The backstory: The New York Times named Euphoria a 2014 Notable Book, as well as one of the ten best books of the year. Euphoria also won the 2014 Kirkus Prize.
The basics: Set in 1933 New Guinea, Euphoria is the story of thee young anthropologists, Nell, Fen and Bankson. Nell and Fen, a married couple working together, seek the help of Bankson, an expert in the area, to identify a tribe worth studying.
My thoughts: Longtime readers of this blog know I'm a huge fan of fiction about real people, so when I heard Euphoria was inspired by the life of Margaret Mead, more specifically a 1933 New Guinea expedition Mead took with her second husband. On this expedition, they collaborated with the man who would become Mead's third husband. It's a trip that's ripe for fictional speculation, and King takes this tantalizing set up and explores its possibilities beautifully.
I realized as I listened that I took the early days of anthropology for granted. As someone who is fascinated by other cultures and peoples, I never took the time to think about how the field of anthropology began. I found that aspect of this novel particularly fascinating. There are so many themes present in this story that it would be easy for them to get muddled, but in King's skillful hand, the layers of this story work together beautifully to paint a picture of these characters as individuals, their pioneering work, and their increasingly complicated relationships with one another.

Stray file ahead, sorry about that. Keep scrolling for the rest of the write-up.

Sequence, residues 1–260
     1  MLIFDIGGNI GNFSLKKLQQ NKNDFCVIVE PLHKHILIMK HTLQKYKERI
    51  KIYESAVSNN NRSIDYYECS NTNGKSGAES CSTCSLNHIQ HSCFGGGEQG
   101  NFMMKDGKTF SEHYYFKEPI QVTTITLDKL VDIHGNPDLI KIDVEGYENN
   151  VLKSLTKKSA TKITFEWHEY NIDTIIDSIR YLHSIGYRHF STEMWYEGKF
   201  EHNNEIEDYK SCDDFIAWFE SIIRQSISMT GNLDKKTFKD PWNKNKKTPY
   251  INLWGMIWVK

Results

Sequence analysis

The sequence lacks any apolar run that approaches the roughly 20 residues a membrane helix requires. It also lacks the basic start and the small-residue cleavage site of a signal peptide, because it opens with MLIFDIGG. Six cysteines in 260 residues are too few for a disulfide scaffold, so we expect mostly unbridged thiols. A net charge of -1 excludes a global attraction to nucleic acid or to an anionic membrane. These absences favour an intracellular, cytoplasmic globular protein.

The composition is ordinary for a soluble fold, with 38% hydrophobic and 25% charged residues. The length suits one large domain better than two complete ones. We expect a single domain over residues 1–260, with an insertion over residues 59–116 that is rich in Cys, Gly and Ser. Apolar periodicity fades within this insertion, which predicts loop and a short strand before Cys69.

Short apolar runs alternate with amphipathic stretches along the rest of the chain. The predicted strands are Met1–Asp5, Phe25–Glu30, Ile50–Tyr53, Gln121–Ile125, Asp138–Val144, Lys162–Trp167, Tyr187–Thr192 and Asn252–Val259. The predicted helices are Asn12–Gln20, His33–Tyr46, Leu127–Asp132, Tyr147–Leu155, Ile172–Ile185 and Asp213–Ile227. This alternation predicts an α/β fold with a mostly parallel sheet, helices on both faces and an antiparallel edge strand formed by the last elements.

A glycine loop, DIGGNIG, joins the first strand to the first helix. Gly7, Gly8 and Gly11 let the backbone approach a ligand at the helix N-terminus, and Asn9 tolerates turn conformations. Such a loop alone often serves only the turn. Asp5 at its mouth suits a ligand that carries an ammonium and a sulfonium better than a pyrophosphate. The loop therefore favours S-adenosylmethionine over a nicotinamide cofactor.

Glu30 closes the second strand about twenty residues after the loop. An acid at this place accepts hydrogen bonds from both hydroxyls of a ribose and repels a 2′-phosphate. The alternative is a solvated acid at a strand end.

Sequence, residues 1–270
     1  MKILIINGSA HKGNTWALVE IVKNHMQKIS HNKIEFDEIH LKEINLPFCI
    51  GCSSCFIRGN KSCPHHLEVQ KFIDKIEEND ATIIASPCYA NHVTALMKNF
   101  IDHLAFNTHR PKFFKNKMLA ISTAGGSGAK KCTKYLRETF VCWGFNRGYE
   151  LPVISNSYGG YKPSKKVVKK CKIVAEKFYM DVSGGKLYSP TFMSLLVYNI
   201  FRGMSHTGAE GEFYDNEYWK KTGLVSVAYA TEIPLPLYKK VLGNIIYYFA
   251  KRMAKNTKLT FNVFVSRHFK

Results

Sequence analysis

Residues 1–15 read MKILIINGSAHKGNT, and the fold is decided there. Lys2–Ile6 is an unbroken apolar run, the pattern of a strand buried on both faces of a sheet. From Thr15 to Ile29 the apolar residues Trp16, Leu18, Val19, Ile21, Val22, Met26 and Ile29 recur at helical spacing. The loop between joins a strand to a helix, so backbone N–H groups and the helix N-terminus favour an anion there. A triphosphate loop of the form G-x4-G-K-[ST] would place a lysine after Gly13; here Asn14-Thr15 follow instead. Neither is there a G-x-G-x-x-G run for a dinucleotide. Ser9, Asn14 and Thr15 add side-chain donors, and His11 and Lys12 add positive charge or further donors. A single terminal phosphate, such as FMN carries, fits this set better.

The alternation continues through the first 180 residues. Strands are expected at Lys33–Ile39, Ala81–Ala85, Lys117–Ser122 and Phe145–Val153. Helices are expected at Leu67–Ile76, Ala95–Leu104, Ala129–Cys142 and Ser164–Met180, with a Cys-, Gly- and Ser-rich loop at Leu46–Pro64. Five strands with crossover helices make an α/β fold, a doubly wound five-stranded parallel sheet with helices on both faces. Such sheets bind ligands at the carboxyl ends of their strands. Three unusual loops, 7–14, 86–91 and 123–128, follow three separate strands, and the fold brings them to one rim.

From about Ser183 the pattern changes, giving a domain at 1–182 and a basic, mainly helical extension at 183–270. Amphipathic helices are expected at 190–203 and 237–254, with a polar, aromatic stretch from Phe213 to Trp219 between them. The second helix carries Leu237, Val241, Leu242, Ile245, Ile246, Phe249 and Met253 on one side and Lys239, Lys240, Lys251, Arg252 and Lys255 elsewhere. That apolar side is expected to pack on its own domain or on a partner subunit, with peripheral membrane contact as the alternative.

The plot moves along quickly in this novel, yet King's prose also left me breathless. As I listened to this book, I found myself holding my breath more frequently than not. I was both eager to hear what would happen next and so taken with King's use of language. Both Sands and Vance paced their narration beautifully. At times they performed with speed and urgency, and at time they slowed their pace and lowered their voices to whisper.
Favorite passage: "Sometimes you just find a culture that breaks your heart."
The verdict: Euphoria was my favorite book of 2014. It's as much about these three extraordinary individuals as it is the nature of anthropology and the study of what it means to be human. It's a love story. It's a cultural and historical exploration of gender, society, fame, and race. It's a haunting story of three people. I loved every second of it.
Audio thoughts: Both Xe Sands and Simon Vance were extraordinary. Vance had the more difficult assignment, as he voiced the two main male characters, one who is British and one who is Australian. Vance's accents were flawless (admittedly, to my American ear) and helped me easily keep track of which man was talking. Sands infuses Nell with so much emotion and intelligence. This story completely enchanted me, emotionally and intellectually, and it's one I want to listen to again and again.
Rating: 5 out of 5
Length: 6 hours 53 minutes (272 pages)
Publication date: September 11, 2014
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